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Find out either the KW rating the equipment in the room will have, or its VA rating(volts times amps equals watts). Convert that to BTUs(watts times 3.413 equals BTUs). 6 people will be 2,700 BTUs. So add that to your equipment's heat.
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Old 03-13-2013, 06:34 PM   #9
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Wow very helpful thank you. Do speakers give off anything that would affect the total btu's? Also I should include the lights correct?
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Old 03-13-2013, 08:42 PM   #10
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Speakers are added only if the amp/source of power is in another room.

Yes, add the lights.
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Old 03-13-2013, 08:46 PM   #11
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With everything including people i'm looking at around 8400 btu's. Should the 9000 btu unit be fine? Also, do you know anything about how these things are installed?
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Old 03-13-2013, 08:52 PM   #12
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That puts your sensible load at about 6,900. A 9000 BTU will barely do that. Might want to consider a 12,000.

They are easy to install. You do have to think of whee the condensate is going to drain to before you install it.
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Old 03-13-2013, 09:09 PM   #13
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ok 12,000 I can do. Does the condensate line run from the unit that's in the room?
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Old 03-13-2013, 09:13 PM   #14
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Also are these things pretty dependable? This is going in my finished theater room and would rather not have to rip open drywall that I have soundproofed to the unit.
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Old 03-15-2013, 07:34 AM   #15
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Modern audio amplifiers are pretty efficient and don't really give of a lot of heat. If you are using professional amplifiers like QSC's, Crown, or other pro audio amplifiers, most of these are "Class D" amplifiers, which can be as high as 75 percent efficient at converting power in to power out at the speakers. This means that they run rather cool. Also bear in mind that you will probably rarely ever be running the amplifiers continuously at full volume. Even with loud parts of the movies, they may only hit maximum power output about 50% of the time if you got the system fully cranked, just because of the dynamics in recorded sound, so for the audio amplifiers, only factor 1/3 to 1/2 of the rated wattage as the heat load. These amplifiers too run perfectly cool at low volumes and at idle.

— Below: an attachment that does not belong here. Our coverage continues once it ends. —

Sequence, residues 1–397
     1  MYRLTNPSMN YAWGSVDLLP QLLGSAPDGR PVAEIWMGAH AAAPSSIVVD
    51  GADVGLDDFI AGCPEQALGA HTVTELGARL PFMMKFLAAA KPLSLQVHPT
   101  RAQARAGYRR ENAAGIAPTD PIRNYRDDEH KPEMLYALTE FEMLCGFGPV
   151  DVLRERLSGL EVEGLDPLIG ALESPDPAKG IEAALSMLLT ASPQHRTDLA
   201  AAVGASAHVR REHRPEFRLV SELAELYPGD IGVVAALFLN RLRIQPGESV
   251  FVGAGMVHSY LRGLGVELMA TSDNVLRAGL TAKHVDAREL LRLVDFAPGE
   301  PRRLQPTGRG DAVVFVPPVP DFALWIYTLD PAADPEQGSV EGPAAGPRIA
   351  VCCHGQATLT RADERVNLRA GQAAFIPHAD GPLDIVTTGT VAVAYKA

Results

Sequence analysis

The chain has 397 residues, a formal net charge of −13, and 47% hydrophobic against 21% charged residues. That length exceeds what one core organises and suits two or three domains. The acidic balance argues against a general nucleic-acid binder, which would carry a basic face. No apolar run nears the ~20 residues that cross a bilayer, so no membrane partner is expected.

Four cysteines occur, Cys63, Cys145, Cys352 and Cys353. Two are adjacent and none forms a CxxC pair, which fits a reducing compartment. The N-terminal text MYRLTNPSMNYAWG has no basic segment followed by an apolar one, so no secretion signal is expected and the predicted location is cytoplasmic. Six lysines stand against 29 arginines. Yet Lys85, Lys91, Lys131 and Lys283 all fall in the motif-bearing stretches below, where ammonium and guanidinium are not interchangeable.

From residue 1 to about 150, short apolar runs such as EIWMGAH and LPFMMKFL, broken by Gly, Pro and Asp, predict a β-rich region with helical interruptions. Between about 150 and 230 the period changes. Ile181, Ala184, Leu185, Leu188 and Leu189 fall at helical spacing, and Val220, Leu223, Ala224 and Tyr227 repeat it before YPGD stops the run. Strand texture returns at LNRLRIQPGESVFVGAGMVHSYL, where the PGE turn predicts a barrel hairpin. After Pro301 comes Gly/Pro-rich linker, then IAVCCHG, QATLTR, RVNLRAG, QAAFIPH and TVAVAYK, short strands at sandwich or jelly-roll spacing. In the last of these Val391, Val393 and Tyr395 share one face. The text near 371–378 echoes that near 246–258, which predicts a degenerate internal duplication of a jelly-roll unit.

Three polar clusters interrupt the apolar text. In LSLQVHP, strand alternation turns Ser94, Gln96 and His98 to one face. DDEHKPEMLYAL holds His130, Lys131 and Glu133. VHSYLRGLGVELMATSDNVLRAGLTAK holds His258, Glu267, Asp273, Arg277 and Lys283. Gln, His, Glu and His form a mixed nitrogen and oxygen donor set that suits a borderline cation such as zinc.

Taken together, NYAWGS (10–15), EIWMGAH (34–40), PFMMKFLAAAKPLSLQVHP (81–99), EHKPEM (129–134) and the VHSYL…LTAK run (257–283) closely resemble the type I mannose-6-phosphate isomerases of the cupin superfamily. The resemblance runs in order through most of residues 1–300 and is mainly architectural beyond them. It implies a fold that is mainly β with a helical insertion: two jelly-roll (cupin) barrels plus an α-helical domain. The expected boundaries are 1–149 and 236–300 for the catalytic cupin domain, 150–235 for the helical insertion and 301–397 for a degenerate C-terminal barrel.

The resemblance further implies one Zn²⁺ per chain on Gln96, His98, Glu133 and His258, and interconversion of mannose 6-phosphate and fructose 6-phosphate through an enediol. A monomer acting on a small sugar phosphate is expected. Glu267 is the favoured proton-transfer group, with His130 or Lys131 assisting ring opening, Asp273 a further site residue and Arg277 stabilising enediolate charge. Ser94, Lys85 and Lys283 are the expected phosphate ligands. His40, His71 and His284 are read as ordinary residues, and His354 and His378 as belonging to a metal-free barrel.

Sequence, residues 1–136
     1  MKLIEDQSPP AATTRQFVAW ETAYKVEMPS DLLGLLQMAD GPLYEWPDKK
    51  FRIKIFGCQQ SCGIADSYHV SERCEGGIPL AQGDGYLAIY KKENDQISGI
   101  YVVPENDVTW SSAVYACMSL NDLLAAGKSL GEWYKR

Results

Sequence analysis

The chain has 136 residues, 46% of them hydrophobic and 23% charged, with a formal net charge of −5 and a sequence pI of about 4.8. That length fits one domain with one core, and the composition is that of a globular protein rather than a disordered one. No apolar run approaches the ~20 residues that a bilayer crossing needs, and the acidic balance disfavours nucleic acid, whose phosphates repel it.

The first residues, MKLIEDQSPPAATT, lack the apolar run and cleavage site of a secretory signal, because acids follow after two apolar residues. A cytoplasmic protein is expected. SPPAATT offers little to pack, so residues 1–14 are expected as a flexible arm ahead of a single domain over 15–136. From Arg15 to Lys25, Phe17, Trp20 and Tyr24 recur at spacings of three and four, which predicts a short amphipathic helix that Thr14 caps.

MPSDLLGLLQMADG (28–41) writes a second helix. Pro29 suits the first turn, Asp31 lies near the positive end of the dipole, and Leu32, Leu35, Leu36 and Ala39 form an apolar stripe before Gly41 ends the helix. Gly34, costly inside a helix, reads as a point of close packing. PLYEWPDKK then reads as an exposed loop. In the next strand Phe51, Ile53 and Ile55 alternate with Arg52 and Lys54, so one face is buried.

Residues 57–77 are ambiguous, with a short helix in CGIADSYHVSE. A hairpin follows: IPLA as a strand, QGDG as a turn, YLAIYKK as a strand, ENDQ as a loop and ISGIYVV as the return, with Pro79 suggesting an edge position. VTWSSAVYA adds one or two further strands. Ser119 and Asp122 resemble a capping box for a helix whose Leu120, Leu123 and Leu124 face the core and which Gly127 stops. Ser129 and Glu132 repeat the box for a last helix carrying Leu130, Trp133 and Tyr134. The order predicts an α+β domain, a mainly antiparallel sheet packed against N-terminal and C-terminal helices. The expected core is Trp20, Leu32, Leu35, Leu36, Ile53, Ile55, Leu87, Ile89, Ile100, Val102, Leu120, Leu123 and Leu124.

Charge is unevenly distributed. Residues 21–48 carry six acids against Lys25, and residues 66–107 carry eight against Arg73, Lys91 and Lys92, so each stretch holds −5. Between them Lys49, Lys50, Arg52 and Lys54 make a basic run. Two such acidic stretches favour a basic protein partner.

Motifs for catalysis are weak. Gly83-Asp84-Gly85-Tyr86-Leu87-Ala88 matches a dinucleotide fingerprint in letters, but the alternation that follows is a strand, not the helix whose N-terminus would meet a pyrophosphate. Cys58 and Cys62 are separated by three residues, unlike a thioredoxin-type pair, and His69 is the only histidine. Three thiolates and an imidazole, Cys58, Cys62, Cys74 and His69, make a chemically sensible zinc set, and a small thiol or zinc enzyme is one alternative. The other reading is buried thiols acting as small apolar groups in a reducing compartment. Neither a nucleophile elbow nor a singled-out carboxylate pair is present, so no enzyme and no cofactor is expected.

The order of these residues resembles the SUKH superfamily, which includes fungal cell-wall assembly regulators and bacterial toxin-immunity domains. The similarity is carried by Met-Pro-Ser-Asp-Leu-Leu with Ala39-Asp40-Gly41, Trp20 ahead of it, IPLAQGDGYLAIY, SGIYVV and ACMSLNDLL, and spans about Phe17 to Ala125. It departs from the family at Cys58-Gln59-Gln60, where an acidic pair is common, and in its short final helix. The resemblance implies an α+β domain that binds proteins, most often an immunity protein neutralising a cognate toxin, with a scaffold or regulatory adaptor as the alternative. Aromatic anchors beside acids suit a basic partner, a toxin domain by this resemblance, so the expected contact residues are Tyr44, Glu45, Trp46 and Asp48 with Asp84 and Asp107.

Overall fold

Now, if you are running old-school amplifiers, like older home audio gear, audiophile gear, or older professional gear (Like Crown D300's or someting) These amplifiers are usually class AB, and are only about 50% efficient. Many audiophile amplifiers are even less than that on efficiency. They sacrifice efficiency for low distortion numbers (Although I can't tell much diff between them!) These amplifiers also generate heat when they are at idle! If you are using these type amplifiers you may want to factor every watt of output power as heat energy added to the room.


I point this out because I have seen professional AV equipment rooms over-cooled in my trade because the amps are only being used at low volumes for background music, and the HVAC tech factored every watt the amps are capable of producing for their load calculation.

As far as the projector goes though, count on it's full wattage being generated as heat!